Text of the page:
Learn more about this opportunity on the ESIF User Access Calls for Proposals page, where you can also view the solicitation, frequently asked questions, and an informational webinar. Questions can be directed to firstname.lastname@example.org.
NREL researchers Bryan Palmintier and Dheepak Krishnamurthy are behind the recent debut of a powerful grid modernization software: the Hierarchical Engine for Large-scale Infrastructure CoSimulation (HELICS), a high-performance framework for linking cyber and physical domains of energy systems.
Modern energy systems are characterized by millions of interdependent energy resources. Simulating the full range of their interactions across scales, domains, and timescales is a complex problem for which no current off-the-shelf software is suitable. HELICS combines the collective experience of multiple national laboratories to offer a modeling framework for highly integrated energy system co-simulation.
HELICS is open-source, cross-platform, and is scalable from laptop to high-performance computing environments. It is capable of combining off-the-shelf simulation tools through co-simulation to act as a single unified model, exchanging data at each time step. This makes simulation possible for complex power system, end-use, and communication/control interactions at scales ranging from smart homes up to system-wide, transmission-distribution systems as large as the Western Interconnection. HELICS is a Grid Modernization Laboratory Consortium project supported by DOE. To learn more about the project, visit the HELICS GitHub page.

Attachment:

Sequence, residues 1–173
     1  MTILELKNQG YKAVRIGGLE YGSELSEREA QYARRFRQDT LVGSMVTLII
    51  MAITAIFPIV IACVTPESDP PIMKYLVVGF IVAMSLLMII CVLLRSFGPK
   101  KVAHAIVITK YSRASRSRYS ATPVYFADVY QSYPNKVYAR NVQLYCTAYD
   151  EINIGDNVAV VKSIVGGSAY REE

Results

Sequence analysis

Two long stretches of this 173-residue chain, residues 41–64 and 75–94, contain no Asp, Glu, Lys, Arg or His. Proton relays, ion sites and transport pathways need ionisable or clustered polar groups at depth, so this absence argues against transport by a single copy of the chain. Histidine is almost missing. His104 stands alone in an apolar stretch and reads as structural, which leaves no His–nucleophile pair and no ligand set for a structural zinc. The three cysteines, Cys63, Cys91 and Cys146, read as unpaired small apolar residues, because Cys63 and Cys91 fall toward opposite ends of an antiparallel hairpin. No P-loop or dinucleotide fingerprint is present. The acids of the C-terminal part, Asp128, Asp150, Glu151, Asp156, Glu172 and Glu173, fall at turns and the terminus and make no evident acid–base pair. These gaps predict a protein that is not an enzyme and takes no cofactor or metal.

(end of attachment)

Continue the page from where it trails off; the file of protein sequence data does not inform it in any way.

Andy Walker created and patented Renewable Energy Optimization (REO) nearly a decade ago. His invention has been transformed into one of NREL’s most used tools, REopt.
We sat down with Andy to discuss REO and his new role at NREL as a research fellow. Read our full conversation about the history of REO and REopt.
Billions of dollars are lost each year in the United States from power outages that cause interruptions to businesses, government, and infrastructure. With the recent uptick in grid disturbances caused by severe weather events, planning for energy resiliency has become a priority in many cities across the country. Energy resiliency can include anything from burying transmission lines to creating microgrids with the ability to disconnect from the main grid and generate power for a surrounding community or hospital.